With polls suggesting that a significant proportion of the American public is skeptical about the safety of a coronavirus vaccine, Howard Koh of Harvard T.H. Chan School of Public Health outlined five ways for political leaders to build trust.
In an October 5, 2020 Boston Globe op-ed, Koh—Harvey V. Fineberg Professor of the Practice of Public Health Leadership at Harvard Chan School, former Massachusetts commissioner of public health, and former assistant U.S. secretary for health in the Obama administration—noted that vaccine skepticism had been growing even before the pandemic, and lamented the fact that life-saving vaccination has become a partisan issue.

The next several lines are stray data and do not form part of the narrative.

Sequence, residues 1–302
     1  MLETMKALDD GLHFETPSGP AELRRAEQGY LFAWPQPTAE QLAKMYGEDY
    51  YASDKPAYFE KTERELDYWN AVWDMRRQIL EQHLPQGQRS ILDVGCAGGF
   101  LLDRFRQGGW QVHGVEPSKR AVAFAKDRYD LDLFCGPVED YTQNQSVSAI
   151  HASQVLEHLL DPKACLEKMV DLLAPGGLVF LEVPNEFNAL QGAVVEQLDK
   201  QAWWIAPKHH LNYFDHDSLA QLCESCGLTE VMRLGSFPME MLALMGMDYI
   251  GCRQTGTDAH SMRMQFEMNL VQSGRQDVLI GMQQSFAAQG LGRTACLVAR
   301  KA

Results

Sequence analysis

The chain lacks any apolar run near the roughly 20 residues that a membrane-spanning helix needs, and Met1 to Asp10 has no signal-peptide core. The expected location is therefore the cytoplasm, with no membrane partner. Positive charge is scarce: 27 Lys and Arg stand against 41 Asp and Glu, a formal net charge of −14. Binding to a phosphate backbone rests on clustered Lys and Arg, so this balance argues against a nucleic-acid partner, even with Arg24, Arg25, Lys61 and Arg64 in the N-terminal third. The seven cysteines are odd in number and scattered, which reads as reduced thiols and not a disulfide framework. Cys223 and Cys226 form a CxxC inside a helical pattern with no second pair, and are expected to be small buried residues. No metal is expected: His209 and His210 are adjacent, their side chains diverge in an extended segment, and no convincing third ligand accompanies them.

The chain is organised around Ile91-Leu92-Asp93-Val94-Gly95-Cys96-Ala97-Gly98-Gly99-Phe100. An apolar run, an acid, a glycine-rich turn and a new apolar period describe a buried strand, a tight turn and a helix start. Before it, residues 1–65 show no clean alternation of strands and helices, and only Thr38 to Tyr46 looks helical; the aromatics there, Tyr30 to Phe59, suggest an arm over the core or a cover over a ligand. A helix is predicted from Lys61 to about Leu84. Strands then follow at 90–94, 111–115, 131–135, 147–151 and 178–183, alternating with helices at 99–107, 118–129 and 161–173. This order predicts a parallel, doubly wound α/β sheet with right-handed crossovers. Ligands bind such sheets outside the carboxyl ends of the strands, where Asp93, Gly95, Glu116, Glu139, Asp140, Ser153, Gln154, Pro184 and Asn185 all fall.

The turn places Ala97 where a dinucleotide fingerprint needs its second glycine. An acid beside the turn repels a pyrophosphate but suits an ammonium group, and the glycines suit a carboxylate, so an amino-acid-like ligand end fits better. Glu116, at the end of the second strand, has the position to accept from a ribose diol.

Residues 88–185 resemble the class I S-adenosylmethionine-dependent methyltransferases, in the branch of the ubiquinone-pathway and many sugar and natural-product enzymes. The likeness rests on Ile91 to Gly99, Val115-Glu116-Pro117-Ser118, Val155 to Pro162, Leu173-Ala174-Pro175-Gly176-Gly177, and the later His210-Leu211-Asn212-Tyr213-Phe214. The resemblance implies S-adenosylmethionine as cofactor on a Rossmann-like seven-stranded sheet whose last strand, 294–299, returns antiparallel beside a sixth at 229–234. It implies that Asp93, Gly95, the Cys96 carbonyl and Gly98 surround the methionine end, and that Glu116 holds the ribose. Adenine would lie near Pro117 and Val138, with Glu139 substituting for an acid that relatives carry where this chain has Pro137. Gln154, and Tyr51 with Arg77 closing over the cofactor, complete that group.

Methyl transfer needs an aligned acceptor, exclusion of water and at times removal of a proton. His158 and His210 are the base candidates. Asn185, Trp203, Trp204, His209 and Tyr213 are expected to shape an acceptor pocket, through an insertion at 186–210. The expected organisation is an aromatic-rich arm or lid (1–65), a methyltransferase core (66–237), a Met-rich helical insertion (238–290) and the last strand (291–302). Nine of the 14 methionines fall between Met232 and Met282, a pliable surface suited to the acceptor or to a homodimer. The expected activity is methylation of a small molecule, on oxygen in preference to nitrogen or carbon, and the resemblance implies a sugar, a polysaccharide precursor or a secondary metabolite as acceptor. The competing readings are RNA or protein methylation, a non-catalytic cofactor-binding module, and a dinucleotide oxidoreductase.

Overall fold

Koh wrote that Americans should demand that their leaders uphold rigorous scientific standards in launching any COVID-19 vaccination campaign; ensure the success of the seasonal flu drive; synchronize national communication about both flu and COVID-19 vaccination campaigns; tackle misinformation about vaccines on social media; and assure the world that U.S. vaccines can promote global health, especially in low-income countries.
“If lack of trust and confidence causes the failure of COVID-19 vaccination, immeasurable human suffering will continue indefinitely,” Koh wrote. “The stakes could not be higher.”
Read the Boston Globe op-ed: Public health — not political partisanship — must take the lead in COVID-19 vaccination